G.R. No. 192916, 11 October 2010, 632 SCRA 594


Vicente Echavez (Vicente) was the absolute owner of several lots in Cebu City, which includes Lot No. 1956-A and Lot No. 1959 (subject lots). On September 7, 1985, Vicente donated the subject lots to petitioner Manuel Echavez (Manuel) through a Deed of Donation Mortis Causa. Manuel accepted the donation.

In March 1986, Vicente executed a Contract to Sell over the same lots in favor of Dozen Construction and Development Corporation (Dozen Corporation). In October 1986, they executed two Deeds of Absolute Sale over the same properties covered by the previous Contract to Sell.


Whether or not the will is valid.


No. Donation mortis causa must comply with the formalities prescribed by law for the validity of wills, “otherwise, the donation is void and would produce no effect.” The Acknowledgment portion does not contain the number of pages on which the deed was written. Also, there was no attestation clause in the will. That the requirements of attestation and acknowledgment are embodied in two separate provisions of the Civil Code (Articles 805 and 806, respectively) indicates that the law contemplates two distinct acts that serve different purposes. An attestation must state all the details the third paragraph of Article 805 requires. An acknowledgment is made by one executing a deed, declaring before a competent officer or court that the deed or act is his own. On the other hand, the attestation of a will refers to the act of the instrumental witnesses themselves who certify to the execution of the instrument before them and to the manner of its execution. In the absence of the required avowal by the witnesses themselves, no attestation clause can be deemed embodied in the Acknowledgement of the Deed of Donation Mortis Causa.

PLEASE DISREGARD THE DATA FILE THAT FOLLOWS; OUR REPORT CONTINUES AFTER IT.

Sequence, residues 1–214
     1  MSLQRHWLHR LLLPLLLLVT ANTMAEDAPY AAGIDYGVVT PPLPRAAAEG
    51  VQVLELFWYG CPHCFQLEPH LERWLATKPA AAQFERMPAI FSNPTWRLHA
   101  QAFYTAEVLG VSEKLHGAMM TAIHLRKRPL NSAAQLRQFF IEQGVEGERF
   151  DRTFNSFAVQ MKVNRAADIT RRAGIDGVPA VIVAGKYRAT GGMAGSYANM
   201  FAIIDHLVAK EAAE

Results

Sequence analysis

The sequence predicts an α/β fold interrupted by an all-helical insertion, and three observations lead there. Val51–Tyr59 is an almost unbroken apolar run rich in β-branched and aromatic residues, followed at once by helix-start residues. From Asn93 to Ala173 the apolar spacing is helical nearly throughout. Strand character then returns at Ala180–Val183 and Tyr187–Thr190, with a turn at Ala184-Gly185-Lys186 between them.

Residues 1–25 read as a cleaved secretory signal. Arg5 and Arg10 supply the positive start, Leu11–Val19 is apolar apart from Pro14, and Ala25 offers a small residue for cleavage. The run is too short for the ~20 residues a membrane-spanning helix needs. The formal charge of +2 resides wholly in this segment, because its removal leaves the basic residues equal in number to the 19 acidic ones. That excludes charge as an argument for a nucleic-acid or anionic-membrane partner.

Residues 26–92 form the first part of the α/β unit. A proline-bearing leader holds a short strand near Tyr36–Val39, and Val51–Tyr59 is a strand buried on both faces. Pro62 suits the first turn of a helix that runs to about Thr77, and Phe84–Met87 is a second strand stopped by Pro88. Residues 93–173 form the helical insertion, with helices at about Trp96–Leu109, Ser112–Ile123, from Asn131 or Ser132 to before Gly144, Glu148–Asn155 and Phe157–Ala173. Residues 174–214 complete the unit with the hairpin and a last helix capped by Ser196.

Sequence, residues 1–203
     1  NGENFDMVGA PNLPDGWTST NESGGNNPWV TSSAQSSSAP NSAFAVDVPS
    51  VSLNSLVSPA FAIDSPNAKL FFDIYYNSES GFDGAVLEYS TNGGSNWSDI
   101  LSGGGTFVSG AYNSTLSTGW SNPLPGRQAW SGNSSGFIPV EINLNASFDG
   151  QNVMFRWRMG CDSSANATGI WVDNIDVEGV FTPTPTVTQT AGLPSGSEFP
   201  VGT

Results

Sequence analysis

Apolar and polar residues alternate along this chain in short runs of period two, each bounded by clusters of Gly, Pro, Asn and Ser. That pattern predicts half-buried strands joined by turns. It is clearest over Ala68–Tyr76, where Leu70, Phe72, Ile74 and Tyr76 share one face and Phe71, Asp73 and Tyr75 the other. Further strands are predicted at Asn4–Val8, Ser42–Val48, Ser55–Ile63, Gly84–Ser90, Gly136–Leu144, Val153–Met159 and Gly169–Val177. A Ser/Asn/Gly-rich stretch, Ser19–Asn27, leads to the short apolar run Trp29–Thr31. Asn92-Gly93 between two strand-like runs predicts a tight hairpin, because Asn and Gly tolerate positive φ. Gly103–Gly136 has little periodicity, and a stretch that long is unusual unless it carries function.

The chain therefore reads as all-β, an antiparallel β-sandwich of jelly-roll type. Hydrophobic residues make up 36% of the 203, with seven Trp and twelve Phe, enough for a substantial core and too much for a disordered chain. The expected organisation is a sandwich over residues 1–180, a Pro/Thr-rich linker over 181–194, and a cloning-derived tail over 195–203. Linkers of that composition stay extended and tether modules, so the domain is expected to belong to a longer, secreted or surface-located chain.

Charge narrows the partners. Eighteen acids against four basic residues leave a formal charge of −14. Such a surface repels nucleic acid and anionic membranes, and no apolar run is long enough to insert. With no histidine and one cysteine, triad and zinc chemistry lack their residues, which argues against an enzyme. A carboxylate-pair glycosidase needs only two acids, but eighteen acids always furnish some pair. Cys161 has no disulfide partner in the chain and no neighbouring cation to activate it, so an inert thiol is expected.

*Case digest by Kharla Angelique B. Ko-Tubat, LLB-IV, Andres Bonifacio College Law School, SY 2018-2019